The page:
Lebanon to start virtual talks with IMF next week


The International Monetary Fund logo is seen inside its headquarters at the end of the IMF and World Bank annual meetings in Washington, U.S., October 9, 2016. REUTERS/Yuri Gripas/File Photo

Join now for FREE unlimited access to Reuters.com


Jan 22 (Reuters) – Lebanese officials will start talks with the International Monetary Fund on Monday, an official government source told Reuters.

An IMF spokesman also told Reuters on Saturday that a team would begin virtual talks with Lebanese authorities next week.

The Lebanese government has said it hopes to reach an initial agreement with the fund for financial support between January and February. Lebanon is in the throes of an unprecedented financial crisis and an IMF deal is widely seen as the only way for it to get help.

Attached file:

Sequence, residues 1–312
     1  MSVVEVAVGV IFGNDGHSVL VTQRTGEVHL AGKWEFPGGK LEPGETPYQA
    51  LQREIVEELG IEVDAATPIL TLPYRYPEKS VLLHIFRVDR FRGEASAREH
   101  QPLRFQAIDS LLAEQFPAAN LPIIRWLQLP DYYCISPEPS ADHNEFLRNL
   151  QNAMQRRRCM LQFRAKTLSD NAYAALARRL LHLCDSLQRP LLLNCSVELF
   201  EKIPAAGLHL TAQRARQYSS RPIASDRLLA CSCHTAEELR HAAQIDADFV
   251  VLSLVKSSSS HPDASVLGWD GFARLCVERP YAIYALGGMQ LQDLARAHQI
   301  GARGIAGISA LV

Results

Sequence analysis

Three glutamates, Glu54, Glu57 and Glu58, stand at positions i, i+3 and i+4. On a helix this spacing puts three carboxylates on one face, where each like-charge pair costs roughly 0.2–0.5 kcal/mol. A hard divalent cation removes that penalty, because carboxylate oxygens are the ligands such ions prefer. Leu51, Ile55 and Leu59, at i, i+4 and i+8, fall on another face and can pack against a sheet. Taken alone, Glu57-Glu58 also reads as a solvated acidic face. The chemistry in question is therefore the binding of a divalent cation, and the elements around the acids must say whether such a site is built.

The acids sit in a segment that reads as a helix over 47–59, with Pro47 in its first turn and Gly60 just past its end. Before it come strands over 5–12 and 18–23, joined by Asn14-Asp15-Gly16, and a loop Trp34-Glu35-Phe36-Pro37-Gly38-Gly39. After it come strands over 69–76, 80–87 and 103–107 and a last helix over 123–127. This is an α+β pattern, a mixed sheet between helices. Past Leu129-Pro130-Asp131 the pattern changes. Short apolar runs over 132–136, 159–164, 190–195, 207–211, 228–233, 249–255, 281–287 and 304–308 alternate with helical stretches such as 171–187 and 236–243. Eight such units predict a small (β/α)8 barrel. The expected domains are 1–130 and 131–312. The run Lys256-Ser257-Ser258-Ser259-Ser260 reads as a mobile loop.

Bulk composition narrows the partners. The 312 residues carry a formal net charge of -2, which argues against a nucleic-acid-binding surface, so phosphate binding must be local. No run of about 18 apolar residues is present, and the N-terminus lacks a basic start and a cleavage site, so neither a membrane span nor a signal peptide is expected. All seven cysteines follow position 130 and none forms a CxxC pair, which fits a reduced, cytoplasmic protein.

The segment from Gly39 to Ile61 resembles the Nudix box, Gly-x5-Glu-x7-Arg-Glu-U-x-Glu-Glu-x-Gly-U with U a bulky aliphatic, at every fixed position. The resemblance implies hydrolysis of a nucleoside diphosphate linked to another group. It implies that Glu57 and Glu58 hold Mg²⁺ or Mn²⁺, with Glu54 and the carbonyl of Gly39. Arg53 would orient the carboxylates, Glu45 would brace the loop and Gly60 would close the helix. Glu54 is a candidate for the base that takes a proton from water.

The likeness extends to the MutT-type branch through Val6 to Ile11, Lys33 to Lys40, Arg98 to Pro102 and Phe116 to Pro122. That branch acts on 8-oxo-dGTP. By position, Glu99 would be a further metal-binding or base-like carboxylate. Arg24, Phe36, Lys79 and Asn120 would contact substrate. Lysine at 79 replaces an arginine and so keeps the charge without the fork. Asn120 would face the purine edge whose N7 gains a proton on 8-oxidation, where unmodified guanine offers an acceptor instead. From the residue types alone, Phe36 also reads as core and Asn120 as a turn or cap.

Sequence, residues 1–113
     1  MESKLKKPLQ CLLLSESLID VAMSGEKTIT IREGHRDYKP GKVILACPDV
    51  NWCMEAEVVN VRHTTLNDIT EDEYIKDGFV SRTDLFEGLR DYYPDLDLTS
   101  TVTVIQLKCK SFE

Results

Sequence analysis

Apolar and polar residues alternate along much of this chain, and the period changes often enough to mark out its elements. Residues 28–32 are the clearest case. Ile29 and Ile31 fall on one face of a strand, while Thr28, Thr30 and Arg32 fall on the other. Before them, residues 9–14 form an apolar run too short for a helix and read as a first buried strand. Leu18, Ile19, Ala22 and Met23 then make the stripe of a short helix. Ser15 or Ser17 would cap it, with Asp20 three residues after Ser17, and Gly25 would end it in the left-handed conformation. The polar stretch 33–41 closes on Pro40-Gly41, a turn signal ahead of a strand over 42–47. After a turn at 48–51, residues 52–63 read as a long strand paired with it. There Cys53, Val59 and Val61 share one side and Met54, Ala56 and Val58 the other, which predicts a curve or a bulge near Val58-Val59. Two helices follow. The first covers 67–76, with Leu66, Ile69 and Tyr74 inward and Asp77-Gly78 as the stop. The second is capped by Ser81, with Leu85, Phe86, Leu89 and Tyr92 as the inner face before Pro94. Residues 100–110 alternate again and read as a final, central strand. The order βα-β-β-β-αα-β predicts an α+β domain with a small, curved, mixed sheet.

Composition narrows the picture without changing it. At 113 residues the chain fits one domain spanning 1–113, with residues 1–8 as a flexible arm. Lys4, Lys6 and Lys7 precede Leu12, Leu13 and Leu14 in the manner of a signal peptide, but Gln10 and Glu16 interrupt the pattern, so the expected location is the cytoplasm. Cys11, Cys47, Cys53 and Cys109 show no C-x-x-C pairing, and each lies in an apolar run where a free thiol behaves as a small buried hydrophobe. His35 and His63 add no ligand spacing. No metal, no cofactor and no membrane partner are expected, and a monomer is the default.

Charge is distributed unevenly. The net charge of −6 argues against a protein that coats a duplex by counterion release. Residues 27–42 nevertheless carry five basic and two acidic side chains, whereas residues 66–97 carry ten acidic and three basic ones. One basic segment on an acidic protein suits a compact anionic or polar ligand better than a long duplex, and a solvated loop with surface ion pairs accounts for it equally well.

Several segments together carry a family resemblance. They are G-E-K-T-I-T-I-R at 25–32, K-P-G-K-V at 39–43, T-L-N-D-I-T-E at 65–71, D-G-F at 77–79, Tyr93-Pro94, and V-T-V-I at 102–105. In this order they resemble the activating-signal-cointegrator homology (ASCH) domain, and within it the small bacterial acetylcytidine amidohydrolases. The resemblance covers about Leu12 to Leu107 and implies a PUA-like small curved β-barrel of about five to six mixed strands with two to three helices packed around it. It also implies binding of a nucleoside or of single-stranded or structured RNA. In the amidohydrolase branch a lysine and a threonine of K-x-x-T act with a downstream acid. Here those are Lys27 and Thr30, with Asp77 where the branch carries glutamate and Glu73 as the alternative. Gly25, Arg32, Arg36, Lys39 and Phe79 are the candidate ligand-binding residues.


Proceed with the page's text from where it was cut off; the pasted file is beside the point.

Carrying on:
Join now for FREE unlimited access to Reuters.com


The fund said in December it assessed a figure of $69 billion announced by Lebanese officials for losses in the country’s financial sector.

Disagreements in Lebanon over the scale of losses and their distribution torpedoed IMF talks in 2020. The central bank, banks and political elite rejected figures set out in a government plan approved at the time by the IMF .

Lebanese Prime Minister Najib Mikati said in September that the financial recovery plan to be drawn up by his cabinet will include a fair distribution of the losses suffered by the financial system, but the cabinet has not met since October.

It will meet again on Monday to discuss the 2022 budget, but no clear details have been released on the stimulus package.

Lebanon’s financial system collapsed in 2019 due to decades of corruption and waste in the state and the unsustainable way it was funded. The trigger was the slowdown in hard currency inflows into the banking system, which lent heavily to the government.

Several reforms the IMF would likely seek, including cutting subsidies and unifying the many exchange rates in Lebanon’s chaotic monetary economy, are already becoming realities as hard currencies dry up, according to political sources.

Join now for FREE unlimited access to Reuters.com


Reporting by Tom Perry and Laila Bassam, Writing by Nayera Abdallah Editing by Ros Russell

Our standards: The Thomson Reuters Trust Principles.


Comments are closed.